Mystery in Kensington Gore (Philip MacDonald)

By Philip MacDonald

First published: UK, Collins, 1932, under the pseudonym of Martin Porlock; US, Doubleday Doran, 1932, as Escape

Blurb (US)

MacDonald - Mystery in Kensington Gore US.JPG
Source: Facsimile Dust Jackets LLC

Only one man in England believed her innocent – and he was a fugitive from the police!

When Peter Craven, cold, ill and jobless, broke into the apparently empty house in Royalty Gardens he had no idea that in an upstairs room a man lay murdered, while through the house a terrified girl was wandering, waiting for the law to reach out to her.  “I did not kill him,” she told Peter, after the first shock of seeing him had passed, “but no one will ever believe that…”  And so, at her request, Peter carried the body, by one way and another, half-way across snowy London and left it sprawled in a telephone booth.  He returned to the house, and there, in the same chair where it had been originally, was the dead body, unmistakably the same.  In terror at this inexplicable return, certain that somewhere near a killer was waiting, the girl and Peter fled from the house in the girl’s small, car,—started their mad dash across England, away from the menace of a deadlier enemy than the police…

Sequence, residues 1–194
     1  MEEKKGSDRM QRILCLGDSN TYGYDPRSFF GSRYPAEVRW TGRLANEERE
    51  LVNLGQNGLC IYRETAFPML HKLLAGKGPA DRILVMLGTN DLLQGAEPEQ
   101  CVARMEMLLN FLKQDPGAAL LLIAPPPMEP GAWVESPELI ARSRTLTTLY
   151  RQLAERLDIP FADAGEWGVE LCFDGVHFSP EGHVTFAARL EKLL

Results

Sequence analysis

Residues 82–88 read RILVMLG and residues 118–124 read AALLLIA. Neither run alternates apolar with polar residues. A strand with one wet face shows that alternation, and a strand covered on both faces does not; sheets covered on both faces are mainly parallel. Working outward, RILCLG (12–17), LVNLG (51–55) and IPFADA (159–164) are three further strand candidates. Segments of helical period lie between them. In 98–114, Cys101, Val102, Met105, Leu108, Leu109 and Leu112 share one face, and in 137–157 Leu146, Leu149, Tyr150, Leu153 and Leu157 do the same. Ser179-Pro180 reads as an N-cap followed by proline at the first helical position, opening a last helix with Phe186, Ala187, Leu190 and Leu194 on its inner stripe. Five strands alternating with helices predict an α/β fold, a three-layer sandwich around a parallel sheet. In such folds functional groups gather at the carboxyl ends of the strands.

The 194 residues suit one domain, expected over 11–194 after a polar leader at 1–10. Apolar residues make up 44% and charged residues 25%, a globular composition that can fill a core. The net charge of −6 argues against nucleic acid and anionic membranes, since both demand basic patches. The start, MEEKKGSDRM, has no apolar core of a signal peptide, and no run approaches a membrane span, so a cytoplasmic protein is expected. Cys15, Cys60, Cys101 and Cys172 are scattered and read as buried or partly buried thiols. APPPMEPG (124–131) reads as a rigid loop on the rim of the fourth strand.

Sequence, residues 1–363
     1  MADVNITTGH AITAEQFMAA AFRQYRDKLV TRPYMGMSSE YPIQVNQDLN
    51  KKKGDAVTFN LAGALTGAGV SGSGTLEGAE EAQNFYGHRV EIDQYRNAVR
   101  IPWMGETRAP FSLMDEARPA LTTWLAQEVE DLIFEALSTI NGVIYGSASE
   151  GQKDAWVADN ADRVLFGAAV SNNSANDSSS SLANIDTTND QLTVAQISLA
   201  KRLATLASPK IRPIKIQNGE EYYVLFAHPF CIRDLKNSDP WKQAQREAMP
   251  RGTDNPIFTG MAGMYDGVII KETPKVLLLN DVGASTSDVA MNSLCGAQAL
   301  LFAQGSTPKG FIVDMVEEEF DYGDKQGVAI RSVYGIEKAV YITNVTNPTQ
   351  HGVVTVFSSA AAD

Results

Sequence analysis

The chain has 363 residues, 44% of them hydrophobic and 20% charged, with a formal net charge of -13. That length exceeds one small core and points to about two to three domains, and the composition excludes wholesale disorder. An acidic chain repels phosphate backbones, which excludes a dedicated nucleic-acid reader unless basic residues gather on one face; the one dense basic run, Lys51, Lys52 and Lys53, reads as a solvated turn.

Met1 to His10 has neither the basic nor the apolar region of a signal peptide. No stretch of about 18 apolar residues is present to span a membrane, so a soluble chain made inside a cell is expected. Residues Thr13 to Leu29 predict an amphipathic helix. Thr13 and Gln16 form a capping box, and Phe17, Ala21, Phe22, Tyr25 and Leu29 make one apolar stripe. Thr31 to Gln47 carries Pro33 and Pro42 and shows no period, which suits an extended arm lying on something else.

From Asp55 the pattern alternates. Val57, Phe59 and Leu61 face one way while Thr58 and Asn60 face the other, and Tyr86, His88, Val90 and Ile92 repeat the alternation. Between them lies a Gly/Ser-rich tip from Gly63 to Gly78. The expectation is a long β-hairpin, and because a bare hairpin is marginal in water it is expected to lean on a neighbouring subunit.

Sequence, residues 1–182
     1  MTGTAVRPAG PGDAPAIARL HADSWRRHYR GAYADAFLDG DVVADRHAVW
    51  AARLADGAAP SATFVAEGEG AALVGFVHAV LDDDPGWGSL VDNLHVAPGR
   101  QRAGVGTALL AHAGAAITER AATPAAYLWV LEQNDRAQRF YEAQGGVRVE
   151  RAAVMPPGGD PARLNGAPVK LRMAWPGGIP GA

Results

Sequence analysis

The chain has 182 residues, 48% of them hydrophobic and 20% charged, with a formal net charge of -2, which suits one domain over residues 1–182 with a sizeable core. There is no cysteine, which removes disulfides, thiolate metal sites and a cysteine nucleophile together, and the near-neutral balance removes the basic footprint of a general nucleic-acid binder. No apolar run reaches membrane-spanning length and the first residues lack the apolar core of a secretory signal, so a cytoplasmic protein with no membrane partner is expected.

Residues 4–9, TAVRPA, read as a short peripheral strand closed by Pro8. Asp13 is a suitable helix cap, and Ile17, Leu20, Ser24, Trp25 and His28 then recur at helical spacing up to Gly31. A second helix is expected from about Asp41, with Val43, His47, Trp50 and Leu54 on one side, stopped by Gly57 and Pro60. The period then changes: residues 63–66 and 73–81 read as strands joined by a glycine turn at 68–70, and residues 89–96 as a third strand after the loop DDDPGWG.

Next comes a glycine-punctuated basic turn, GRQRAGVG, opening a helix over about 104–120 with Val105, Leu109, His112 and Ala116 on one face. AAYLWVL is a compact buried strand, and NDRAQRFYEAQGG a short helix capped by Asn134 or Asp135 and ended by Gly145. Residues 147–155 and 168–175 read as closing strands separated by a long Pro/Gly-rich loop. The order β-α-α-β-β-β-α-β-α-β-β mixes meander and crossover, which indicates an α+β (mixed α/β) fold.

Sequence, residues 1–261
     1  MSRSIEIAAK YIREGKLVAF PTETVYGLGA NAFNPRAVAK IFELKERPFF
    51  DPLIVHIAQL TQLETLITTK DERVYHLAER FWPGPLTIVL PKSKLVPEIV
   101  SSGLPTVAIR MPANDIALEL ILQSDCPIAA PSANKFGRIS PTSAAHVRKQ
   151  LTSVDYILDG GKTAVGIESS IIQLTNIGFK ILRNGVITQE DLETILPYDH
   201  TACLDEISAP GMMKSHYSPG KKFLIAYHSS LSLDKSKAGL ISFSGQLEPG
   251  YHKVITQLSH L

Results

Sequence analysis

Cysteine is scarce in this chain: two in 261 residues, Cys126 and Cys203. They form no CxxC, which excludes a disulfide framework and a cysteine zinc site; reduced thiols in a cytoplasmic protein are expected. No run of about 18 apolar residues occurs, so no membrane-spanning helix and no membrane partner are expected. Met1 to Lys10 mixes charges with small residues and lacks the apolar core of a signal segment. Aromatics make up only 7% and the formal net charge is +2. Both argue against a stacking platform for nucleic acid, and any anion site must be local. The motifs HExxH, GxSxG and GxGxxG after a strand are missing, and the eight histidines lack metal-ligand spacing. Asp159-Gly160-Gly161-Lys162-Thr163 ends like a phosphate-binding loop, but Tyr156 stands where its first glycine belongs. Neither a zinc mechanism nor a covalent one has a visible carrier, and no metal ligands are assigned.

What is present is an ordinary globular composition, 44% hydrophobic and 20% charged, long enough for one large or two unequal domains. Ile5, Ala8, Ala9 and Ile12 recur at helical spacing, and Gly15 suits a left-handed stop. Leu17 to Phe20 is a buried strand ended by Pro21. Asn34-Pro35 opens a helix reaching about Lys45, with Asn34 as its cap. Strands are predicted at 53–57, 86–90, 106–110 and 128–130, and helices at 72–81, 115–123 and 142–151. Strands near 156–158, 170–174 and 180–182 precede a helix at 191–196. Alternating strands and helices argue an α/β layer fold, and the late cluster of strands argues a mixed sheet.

Philip MacDonald is the author of The White Crow, The Link, Murder Gone Mad and other detective stories.  This new novel, with its fantastic beginning, its swift and thrilling chase, and its spectacular climax, is among his best.

My review

An extremely short book that yet succeeds in being utterly padded: fully four-fifths are taken up with pointless journeyings, conversational filler, and key scenes protracted well beyond their natural length. The story only moves because the characters all behave unaccountably: rather than staying to face the music, they run away, thereby adding one hundred pages of Buchanesque padding. This doesn’t matter, because the characters are all mad: the ‘hero’ is a psychopathic thug. He shakes his girl and is obsessed by her breasts, while his thinking is done for him by the oddest and most unconvincing policeman in detective fiction. Tripe.